One of a number of mushrooms within the forest at Watoga.  © Angela Hill.
One of a number of mushrooms within the forest at Watoga. © Angela Hill.
A day of fun-filled activities is almost complete.
A day of fun-filled activities is almost complete. © Angela Hill.
The dark skies at Watoga never cease to amaze. Angela Hill.
The dark skies at Watoga never cease to amaze. © Angela Hill.
Comet Neowise in July 2020 from the Anne Bailey parking lot at Watoga. © Angela Hill.
Comet Neowise in July 2020 from the Anne Bailey parking lot at Watoga. © Angela Hill.

BLUE HIGHWAYS TO FALL COLOR

INSIDER TIPS ON GREAT FALL DRIVES

Roads less traveled, where to find them and why they’re worth it.

Reprinted with permission from Blue Ridge Country magazine’s September/October 2021 issue. For subscription and other information on the magazine, please go to blueridgecountry.com.

John Dean's backroads take him to the dark skies of Watoga State Park, West Virginia. Here, he provides Insider Tips regarding the park.Photo by Jesse Thornton.
John Dean’s backroads take him to the dark skies of Watoga State Park, West Virginia.
Photo by Jesse Thornton.

By ANGELA MINOR

One of my favorite pastimes when I was at college in the foothills of the Smoky Mountains was hopping in the car and just driving. Any backroad was fair game. I “discovered” small ponds with baby geese; old-timey stores with giant wheels of cheese under glass domes; service stations where they washed your windshield; unimproved mountain roads where the quietness was vast; and, roadside stands of produce where an overall-clad fella would tell me all about this year’s tomato crop and how his honeybees were doing.

In tandem with these mini-journeys it happened…I read the new book “Blue Highways: A Journey into America” by William Least Heat-Moon. The rural roads on my paper maps (picked up at the service station, unfolded once, never to return to their original shape!) were drawn in blue just like the ones used by the author of this now classic book. Somehow, I felt a kindred spirit with his goal of “just paying attention” to the world around him.

And I still wonder where that road goes…

Our featured travelers also explore their blue highways in the Blue Ridge…and that has made all the difference (Robert Frost).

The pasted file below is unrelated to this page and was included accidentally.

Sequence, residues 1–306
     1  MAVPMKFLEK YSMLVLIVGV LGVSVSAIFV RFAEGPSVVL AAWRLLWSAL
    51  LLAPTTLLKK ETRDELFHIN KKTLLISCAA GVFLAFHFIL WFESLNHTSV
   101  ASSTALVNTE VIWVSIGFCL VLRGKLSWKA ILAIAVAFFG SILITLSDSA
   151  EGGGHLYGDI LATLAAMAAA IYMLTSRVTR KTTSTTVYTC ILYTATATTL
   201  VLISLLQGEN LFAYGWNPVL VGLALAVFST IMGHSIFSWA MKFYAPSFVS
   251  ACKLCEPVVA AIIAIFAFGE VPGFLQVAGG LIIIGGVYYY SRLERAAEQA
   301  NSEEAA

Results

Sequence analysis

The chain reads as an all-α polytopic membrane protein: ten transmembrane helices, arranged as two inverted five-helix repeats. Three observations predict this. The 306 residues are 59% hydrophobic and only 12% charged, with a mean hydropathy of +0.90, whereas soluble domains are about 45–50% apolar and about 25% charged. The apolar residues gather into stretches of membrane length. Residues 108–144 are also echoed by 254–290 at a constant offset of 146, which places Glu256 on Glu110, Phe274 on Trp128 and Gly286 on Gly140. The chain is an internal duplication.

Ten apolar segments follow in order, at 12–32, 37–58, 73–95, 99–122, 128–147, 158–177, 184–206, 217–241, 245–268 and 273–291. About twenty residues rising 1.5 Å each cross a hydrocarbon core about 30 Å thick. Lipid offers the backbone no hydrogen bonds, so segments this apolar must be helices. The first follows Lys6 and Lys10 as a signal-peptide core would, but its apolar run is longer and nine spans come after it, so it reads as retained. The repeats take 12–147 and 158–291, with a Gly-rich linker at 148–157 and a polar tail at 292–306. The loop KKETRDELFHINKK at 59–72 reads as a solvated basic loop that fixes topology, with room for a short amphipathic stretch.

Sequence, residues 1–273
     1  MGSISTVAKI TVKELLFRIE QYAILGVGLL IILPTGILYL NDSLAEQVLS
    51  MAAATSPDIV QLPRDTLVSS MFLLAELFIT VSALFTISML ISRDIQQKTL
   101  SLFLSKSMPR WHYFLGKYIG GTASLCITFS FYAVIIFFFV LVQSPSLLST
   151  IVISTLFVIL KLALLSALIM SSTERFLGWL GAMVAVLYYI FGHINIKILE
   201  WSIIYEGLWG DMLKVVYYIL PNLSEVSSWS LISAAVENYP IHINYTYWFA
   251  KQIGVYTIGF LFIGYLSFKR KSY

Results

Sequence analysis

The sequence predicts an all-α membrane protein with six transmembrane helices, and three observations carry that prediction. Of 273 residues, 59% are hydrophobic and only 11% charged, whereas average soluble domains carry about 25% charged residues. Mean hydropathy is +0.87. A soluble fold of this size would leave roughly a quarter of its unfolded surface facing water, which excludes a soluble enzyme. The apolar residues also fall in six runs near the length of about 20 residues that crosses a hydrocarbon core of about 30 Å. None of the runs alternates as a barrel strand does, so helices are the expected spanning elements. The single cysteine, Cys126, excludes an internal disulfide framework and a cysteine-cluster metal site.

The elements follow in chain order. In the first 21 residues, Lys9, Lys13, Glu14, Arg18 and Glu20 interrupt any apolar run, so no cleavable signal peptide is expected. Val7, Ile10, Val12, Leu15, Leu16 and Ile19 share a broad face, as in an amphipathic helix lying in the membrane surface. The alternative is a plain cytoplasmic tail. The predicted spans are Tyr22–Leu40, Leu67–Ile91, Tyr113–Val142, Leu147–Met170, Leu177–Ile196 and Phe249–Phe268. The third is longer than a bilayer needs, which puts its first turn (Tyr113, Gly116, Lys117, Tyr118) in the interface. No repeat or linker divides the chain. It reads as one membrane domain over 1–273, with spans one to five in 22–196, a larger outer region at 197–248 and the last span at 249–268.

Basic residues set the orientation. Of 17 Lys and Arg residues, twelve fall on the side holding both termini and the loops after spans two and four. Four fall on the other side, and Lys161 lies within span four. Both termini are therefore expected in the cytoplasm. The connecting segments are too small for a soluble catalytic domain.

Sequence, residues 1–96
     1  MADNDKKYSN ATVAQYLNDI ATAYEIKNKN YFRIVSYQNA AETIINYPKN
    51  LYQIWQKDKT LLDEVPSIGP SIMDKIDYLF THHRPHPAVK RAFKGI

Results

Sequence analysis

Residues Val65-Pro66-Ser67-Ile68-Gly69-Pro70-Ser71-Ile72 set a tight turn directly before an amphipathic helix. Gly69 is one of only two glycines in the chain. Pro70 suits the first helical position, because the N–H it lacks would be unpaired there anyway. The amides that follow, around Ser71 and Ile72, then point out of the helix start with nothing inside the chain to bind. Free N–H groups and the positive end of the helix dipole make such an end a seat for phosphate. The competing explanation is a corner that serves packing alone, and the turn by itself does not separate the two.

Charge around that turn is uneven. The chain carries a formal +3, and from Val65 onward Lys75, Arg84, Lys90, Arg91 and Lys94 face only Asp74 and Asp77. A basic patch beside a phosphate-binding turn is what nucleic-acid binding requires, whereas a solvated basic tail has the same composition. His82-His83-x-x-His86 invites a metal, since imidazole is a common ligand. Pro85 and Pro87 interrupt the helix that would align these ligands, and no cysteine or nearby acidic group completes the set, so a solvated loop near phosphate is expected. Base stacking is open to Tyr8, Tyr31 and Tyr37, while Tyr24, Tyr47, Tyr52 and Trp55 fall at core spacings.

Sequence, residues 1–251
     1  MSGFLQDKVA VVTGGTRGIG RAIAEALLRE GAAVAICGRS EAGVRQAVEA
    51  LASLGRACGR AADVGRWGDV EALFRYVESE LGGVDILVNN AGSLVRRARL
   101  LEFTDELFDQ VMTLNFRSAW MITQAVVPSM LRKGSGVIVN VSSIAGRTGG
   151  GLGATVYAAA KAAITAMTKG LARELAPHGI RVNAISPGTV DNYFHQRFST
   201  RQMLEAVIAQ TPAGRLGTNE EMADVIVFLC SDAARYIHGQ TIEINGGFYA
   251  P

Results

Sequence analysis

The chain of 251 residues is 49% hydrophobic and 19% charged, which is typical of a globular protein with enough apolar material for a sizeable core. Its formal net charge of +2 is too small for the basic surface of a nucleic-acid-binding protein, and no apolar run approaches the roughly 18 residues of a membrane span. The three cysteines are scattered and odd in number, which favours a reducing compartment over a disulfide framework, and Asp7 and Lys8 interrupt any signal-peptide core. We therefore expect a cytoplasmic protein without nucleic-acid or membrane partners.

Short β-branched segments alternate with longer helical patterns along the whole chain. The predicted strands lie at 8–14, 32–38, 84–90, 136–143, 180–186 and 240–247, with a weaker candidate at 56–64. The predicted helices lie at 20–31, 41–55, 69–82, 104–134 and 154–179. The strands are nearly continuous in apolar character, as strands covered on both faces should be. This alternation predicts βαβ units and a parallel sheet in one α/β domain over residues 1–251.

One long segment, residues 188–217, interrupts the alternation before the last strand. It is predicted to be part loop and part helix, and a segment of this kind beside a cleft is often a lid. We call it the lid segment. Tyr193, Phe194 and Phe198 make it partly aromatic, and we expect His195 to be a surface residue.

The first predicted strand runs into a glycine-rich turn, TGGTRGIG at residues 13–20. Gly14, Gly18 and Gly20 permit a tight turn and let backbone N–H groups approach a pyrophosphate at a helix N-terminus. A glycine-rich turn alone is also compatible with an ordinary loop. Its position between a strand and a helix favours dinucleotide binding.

Let’s meet them!

WEST VIRGINIA

“Let nature take over all your senses,” says John Dean, a writer, journalist and editor. “Backroads trips in and around Watoga State Park are a chance to get reinvigorated and inspired by the amazing discoveries along the way. Watch for black bear or deer roaming through the forest. Fill your lungs with fresh mountain air; hear the sounds of nature at work and stand in places so silent that it can be deafening; visit a pioneer cabin; and, maybe even see a ghost,” he adds with a smile.

The Anne Bailey Lookout Tower is in Watoga State Park. The Insider Tips are provided by John Dean. Photo by Brian Hirt.
The Anne Bailey Lookout Tower is in Watoga State Park.
Photo by Brian Hirt.

Generations of Dean’s family have called this region home. “My grandparents’ 211-acre farm bordered the park. They worked with the CCC to ‘build the park.’ And, my dad worked there for 43 years. One of my uncles was West Virginia’s first-ever game keeper; and another was a founding member of The Watoga State Park Foundation” (where Dean now serves as a member of the board of directors). “And I lived on site for 16-plus years,” he states.

Dean welcomes fellow travelers to experience “the peak months of autumn in nature’s paradise with hues of orange, red and yellow” at a park “so remote that GPS will not find specific directions to it! Once you visit,” he concludes, “you’ll return year after year, especially in the fall. Each autumn when I depart, those rustling leaves whisper my name to return…and I do.”

Top Fall Drive Picks:
• U.S. 219 or SR 39 to Watoga State Park
• SR 92 through the adjacent Calvin Price State Forest
More info: watogafoundation.org; wvstateparks.com/park/watoga-state-park

John Dean travels with Jack and Max (standing). Photo by Donna Dilley.
John Dean travels with Jack and Max (standing).
Photo by Donna Dille